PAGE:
Following on from Ozymandias...
(Poem #24) On the Vanity of Earthly Greatness
The tusks which clashed in mighty brawls Of mastodons, are billiard balls. The sword of Charlemagne the Just Is Ferric Oxide, known as rust. The grizzly bear, whose potent hug, Was feared by all, is now a rug. Great Caesar's bust is on the shelf, And I don't feel so well myself.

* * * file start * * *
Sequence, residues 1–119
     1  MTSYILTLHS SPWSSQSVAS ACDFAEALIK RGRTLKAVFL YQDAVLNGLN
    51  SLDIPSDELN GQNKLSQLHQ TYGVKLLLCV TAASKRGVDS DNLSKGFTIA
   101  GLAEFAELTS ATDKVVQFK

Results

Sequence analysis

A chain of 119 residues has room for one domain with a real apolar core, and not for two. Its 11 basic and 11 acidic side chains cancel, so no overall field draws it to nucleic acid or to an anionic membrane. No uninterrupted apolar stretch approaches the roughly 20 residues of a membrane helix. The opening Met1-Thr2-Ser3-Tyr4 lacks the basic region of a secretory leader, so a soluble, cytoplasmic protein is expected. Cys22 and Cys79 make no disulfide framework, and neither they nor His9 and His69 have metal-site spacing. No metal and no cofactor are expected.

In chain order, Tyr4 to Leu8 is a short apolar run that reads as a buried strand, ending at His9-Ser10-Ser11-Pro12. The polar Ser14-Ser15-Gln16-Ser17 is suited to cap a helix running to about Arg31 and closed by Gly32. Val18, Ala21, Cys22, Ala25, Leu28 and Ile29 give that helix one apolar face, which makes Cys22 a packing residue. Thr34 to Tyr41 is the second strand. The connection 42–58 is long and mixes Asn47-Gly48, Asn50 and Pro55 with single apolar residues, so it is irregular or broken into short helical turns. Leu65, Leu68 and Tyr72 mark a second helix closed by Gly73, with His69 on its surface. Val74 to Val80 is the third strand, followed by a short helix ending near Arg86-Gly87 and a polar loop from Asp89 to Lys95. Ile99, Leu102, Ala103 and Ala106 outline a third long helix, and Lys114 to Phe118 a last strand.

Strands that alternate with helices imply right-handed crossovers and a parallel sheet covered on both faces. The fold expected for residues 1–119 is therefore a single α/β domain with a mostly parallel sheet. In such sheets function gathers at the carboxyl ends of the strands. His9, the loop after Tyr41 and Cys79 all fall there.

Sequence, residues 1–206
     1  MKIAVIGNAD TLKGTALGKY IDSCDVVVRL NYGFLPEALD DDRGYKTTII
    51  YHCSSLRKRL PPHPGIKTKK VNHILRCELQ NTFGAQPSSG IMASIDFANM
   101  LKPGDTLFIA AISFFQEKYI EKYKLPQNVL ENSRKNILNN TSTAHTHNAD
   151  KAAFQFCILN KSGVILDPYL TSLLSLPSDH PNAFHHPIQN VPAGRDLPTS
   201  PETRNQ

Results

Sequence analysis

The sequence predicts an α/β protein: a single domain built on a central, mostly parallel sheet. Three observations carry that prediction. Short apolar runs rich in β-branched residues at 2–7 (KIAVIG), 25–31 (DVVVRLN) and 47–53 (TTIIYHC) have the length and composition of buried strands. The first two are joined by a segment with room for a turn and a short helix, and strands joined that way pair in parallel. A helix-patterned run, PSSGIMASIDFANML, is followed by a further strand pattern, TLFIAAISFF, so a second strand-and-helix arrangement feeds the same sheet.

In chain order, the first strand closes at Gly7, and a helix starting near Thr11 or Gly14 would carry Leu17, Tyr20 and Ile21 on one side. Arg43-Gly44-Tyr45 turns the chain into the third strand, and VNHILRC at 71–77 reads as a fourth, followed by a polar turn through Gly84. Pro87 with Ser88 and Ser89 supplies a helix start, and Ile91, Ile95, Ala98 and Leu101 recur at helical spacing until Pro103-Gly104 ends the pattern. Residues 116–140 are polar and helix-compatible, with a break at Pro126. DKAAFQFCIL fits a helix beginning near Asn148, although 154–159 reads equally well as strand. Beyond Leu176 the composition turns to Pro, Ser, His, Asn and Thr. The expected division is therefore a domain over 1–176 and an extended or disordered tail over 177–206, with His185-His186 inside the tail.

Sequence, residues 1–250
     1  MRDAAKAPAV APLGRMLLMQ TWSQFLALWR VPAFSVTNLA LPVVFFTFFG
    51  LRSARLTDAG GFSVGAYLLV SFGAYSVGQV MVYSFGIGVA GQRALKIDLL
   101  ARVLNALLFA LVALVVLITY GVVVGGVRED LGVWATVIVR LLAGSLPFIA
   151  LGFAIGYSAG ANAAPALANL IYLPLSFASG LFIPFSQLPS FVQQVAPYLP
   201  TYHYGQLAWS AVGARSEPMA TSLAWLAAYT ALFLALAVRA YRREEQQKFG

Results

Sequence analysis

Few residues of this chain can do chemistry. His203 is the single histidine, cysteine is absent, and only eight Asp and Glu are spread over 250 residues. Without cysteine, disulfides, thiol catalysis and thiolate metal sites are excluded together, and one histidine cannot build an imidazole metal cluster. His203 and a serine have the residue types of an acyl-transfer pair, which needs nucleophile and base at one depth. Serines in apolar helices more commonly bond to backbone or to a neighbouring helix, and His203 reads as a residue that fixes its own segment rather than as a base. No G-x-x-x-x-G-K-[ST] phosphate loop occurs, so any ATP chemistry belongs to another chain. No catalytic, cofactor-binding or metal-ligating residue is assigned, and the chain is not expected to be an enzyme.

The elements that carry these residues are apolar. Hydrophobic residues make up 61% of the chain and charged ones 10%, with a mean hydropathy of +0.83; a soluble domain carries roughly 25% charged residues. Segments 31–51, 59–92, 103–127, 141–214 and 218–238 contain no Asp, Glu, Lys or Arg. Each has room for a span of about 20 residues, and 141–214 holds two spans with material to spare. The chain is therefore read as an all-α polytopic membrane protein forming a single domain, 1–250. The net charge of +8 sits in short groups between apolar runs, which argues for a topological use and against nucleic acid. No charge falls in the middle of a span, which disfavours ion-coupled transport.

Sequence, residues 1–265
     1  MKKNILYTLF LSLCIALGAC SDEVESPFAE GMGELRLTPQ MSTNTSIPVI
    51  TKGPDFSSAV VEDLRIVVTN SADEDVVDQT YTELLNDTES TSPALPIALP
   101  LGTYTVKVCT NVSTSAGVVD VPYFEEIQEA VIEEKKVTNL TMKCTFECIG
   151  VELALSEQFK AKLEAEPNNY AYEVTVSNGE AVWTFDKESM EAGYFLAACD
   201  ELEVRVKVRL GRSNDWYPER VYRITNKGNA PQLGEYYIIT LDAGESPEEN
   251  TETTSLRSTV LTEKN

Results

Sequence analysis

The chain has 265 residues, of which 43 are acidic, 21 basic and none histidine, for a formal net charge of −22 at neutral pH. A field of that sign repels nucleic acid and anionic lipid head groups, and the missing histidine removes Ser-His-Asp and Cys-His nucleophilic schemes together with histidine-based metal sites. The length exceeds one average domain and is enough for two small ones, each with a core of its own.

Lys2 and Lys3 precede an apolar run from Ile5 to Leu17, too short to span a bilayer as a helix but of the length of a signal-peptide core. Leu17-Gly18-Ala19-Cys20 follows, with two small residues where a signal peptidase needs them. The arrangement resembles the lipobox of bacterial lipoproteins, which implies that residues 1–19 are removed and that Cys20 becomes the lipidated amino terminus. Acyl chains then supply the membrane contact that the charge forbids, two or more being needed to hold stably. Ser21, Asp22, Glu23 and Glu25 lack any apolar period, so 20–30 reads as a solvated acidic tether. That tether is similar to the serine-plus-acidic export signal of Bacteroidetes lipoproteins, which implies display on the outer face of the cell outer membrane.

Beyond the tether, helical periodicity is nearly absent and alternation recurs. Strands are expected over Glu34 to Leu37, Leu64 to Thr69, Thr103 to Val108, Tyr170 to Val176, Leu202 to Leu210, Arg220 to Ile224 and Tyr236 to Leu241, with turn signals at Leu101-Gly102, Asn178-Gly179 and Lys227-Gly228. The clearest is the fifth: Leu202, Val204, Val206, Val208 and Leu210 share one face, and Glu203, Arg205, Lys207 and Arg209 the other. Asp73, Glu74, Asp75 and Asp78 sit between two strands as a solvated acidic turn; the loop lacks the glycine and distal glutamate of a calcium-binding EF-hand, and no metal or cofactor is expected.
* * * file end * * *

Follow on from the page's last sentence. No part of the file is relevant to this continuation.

A refreshingly humorous spin on the subject - the punchline drops into place neatly. Guiterman has written a number of vaguely Nashish poems, of which this is probably the most famous - personally, the only other things I'd heard of his were the following fragment: Of all cold words of tongue or pen The worst are these: "I knew him when--" -Arthur Guiterman, 'Prophets in Their Own Country' and, From Richard Lederer's 'Adventures of a Verbivore' (good book, btw): "It's not true that no words rhyme with orange . . . However, there was a man -- I'm not kidding -- named Henry Honeychurch Gorringe. He was a naval commander who in the midnineteenth century oversaw the transport of Cleopatra's Needle to New York's Central Park. Pouncing on this event, the poet Arthur Guiterman wrote: In Sparkhill buried lies a man of a mark Who brought the Obelisk to Central Park, Redoubtable Commander H. H. Gorringe, Whose name supplies the long-sought rhyme for orange. So orange is rhymable." He does not appear to have led the world's most interesting life either - some dedicated websearching turned up the following, which for lack of a better name I'll call a Biographical Note: Guiterman, Arthur, American poet, 1871-1943. Martin